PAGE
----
A bill to create an emergency insulin assistance program to help Minnesotans with diabetes who are struggling to afford their medicine is potentially halfway home.
On a 75-52 vote, the House passed HF3100 Wednesday night.
Sponsored by Rep. Michael Howard (DFL-Richfield), it would set up two programs: one allowing Minnesotans to get up to a three months’ supply of insulin free in an emergency and the other helping them get insulin on an ongoing basis.
The bill now goes to the Senate, where Sen. Melissa Wiklund (DFL-Bloomington) is the sponsor.
Insulin costs have tripled in the past 10 years and one in four diabetics ration their insulin due to cost. Last year, the House and Senate passed separate versions of the Alec Smith Emergency Insulin Act with bipartisan support. Alec Smith died in 2017 at age 26 while rationing his insulin until payday after aging off his parents’ health insurance. His medicine cost $1,300 a month; he had $1,000 in his bank account when he died.
“It is beyond heartbreaking,” Howard said.
Smith’s story put skyrocketing insulin costs in the national spotlight, but differences between the two bills last session couldn’t be resolved during the conference committee process. A bipartisan group working during the interim failed to reach a resolution, either.
Since then, four large health plans have stepped up to cap copays at $25, but at least two Minnesotans have died since last session because they couldn’t get insulin, Howard said.
House Speaker Melissa Hortman (DFL-Brooklyn Park) said earlier Wednesday that the House moved the bill through quickly – with seven hearings in seven days – to make sure it got full consideration.
Some Republican lawmakers argued the government shouldn’t get involved.
Rep. Jeremy Munson (R-Lake Crystal) questioned whether diabetics should get “everything” free or nearly free, but not cancer patients. He suggested the program would be a foot in the door for a “socialist takeover of health care.”
Rep. Alice Mann (DFL-Lakeville), a physician by trade, said with 42% profit margins and $80 billion in revenue at the three insulin manufacturing companies, they’re putting “a little extra change” in their pockets. And Rep. Laurie Halverson (DFL-Eagan), who has Type 1 diabetes, said it was disappointing to hear what Republicans said, saying the burden is not easy for people with the disease.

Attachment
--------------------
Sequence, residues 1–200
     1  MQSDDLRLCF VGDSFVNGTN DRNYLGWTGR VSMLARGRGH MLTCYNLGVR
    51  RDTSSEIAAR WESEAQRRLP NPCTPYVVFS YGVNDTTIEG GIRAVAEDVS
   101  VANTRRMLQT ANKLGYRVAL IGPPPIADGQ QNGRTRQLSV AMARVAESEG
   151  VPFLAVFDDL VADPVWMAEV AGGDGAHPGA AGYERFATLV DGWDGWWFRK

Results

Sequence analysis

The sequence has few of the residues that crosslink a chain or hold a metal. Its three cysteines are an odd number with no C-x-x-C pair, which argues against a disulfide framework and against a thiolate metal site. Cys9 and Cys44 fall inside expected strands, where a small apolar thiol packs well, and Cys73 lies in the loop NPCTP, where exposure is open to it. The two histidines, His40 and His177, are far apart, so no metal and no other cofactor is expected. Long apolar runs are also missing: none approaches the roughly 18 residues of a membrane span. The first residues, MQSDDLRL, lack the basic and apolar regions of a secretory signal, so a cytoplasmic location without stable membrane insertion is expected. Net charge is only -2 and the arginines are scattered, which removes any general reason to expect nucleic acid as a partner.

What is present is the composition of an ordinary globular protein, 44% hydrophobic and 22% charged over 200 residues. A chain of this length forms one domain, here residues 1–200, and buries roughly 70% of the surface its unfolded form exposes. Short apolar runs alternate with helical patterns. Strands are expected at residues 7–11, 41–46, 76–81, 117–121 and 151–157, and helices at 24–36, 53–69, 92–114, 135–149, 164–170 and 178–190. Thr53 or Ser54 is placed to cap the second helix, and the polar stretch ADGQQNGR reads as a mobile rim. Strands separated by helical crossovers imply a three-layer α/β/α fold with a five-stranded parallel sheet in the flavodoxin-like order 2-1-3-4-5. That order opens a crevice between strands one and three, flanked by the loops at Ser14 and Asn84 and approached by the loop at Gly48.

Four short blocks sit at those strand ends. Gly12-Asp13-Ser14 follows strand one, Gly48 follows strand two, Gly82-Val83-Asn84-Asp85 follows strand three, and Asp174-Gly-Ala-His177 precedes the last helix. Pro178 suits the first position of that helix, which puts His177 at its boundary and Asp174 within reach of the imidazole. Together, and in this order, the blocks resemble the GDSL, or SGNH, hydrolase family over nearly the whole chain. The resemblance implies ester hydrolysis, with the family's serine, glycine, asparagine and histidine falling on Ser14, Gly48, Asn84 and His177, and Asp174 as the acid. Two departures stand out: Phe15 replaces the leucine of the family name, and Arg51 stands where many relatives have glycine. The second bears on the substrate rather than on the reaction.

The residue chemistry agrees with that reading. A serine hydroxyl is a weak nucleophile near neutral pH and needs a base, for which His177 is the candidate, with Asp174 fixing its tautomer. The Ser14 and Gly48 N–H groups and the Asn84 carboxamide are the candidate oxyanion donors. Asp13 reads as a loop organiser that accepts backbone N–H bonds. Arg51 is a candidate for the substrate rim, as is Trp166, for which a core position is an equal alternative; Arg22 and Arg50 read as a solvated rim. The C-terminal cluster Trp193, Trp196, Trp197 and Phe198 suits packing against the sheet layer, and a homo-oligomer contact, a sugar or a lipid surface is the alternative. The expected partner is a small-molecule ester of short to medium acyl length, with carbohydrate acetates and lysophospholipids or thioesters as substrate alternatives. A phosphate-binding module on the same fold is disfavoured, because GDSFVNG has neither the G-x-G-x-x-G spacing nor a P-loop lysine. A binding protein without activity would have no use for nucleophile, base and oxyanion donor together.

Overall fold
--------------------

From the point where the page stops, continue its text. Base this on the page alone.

Howard said the bill culled good ideas from both bills last session, and goes beyond last year’s focus on emergency supplies.
“This is not about punishing the drug companies,” Howard said. “This is a public health crisis.”
Under the bill, pharmacies would have to participate in the program to do business in Minnesota, and copays would be capped at $30 per month for regulated health plans. The program would be administered by MNsure.
Rep. Steve Drazkowski (R-Mazeppa) said the bill is a socialist policy that would grow government and tax people because the manufacturers would increase prices to pay the new fees.
“We can’t make a pharmacist out of government,” he said.
To be eligible for the insulin program, people would have to be uninsured; have drug coverage through Medicare and have incurred more than $1,000 in annual out-of-pocket drug costs or have private insurance with cost sharing that exceeds $50 for a month’s supply of insulin. Participants’ household income could not exceed 400% of federal poverty guidelines.
Cost-sharing limits for insulin in the private insurance market would be established by the bill. All insulin manufacturers would have to participate in the program to do business in Minnesota.
The bill would appropriate $321,000 from the health care access fund to create the program; $250,000 to MNsure for a public awareness program; $250,000 this year and next from the health care access fund to MNsure for navigator training on the programs and $26,000 from the health care fund for administrative costs.
An amendment offered by Rep. Tony Albright (R-Prior Lake) that would have funded the program through the state health care access fund, rather than manufacturers, and remove the navigator training and administrative costs was ruled out of order.